You are currently browsing the Osteoarthritis Blog blog archives for the day Wednesday, March 26th, 2014.

Calendar

March 2014
M T W T F S S
« Feb   Apr »
 12
3456789
10111213141516
17181920212223
24252627282930
31  

Archive for March 26th, 2014

Arthritis Drugs

March 26, 2014
Acetaminophen

Arthritis Drugs

Arthritis drugs are usually what doctors prescribe to treat osteoarthritis.   Since people respond differently to different types of drugs it’s not always easy to predict how the medications will work.  Potential side effects and poor reactions have to be considered.  It’s not easy to find the right combination of drugs and medications to achieve optimum pain relief for any given patient.  If you have arthritis, you should know as much as possible about your treatment options so you can talk about it with your doctor.

NSAIDs (nonsteroidal anti-inflammatory drugs) are prescribed a lot to treat OA. NSAIDs work by fighting an enzyme called cyclooxygenase (COX). COX comes in two forms: COX-1 and COX-2. NSAIDs can treat COX-1 and COX-2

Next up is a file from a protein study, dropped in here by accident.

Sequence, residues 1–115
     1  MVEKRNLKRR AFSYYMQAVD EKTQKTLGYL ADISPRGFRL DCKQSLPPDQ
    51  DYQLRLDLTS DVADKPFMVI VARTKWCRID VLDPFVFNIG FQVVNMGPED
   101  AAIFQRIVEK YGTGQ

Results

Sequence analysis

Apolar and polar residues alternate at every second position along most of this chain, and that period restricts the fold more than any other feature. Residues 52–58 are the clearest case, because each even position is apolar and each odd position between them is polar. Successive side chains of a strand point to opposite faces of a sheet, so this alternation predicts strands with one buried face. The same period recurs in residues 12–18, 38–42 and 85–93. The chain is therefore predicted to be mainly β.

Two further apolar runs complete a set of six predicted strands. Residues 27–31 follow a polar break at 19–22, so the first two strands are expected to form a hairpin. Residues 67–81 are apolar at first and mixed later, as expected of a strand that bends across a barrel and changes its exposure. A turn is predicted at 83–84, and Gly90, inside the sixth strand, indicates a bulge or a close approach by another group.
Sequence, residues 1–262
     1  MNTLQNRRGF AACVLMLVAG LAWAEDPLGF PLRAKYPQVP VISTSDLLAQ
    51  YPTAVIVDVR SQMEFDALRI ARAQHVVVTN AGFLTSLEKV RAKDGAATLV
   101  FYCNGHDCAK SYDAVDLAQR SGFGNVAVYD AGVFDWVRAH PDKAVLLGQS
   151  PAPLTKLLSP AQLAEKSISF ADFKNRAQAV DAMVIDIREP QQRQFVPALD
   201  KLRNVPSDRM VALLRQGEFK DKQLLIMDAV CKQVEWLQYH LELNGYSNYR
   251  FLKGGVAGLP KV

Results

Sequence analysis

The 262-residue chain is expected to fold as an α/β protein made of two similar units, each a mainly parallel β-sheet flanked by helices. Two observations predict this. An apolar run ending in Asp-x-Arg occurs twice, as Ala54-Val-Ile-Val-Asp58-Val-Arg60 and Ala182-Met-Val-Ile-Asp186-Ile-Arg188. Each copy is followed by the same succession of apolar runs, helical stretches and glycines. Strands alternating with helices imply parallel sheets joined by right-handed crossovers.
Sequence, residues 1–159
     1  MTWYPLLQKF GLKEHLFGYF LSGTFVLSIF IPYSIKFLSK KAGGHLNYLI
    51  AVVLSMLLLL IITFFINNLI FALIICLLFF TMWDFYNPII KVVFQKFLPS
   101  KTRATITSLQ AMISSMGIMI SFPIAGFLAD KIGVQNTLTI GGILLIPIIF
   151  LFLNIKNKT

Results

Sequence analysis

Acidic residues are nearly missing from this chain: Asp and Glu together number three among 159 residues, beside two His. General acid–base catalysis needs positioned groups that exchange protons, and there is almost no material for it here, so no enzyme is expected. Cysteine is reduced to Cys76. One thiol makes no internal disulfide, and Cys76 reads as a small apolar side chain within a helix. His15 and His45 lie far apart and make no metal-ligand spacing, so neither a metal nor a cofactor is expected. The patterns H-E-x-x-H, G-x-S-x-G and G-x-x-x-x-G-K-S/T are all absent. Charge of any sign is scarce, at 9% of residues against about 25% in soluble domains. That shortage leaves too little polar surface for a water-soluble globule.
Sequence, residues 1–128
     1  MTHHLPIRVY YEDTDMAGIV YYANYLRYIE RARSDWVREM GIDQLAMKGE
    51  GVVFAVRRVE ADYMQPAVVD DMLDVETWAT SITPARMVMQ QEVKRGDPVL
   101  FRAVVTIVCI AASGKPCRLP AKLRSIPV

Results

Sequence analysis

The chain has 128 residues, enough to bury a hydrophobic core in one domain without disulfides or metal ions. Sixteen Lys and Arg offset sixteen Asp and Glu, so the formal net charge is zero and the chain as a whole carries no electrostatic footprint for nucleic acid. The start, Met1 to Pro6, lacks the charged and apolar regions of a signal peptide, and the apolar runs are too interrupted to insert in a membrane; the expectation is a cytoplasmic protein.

DMARDs (Disease-Modifying Anti-Rheumatic Drugs) can take weeks or months to start providing pain relief.  DMARDs may be slow acting but they work.  They treat conditions like rheumatoid arthritis, psoriatic arthritis, and ankylosing spondylitis.   These drugs can stop the progression of the disease and limit damage to the joints.

Corticosteroids are usually called “steroids”.  These are strong drugs that quickly reduce swelling and inflammation.   Doses can be all over the place depending on what’s being treated and how agressive the treatment plan is.   Harmful side effects are more likely at high doses or with long-term use.

Analgesics relieve pain. However, unlike NSAIDs, they don’t help with inflammation. Acetaminophen is  a common analgesic.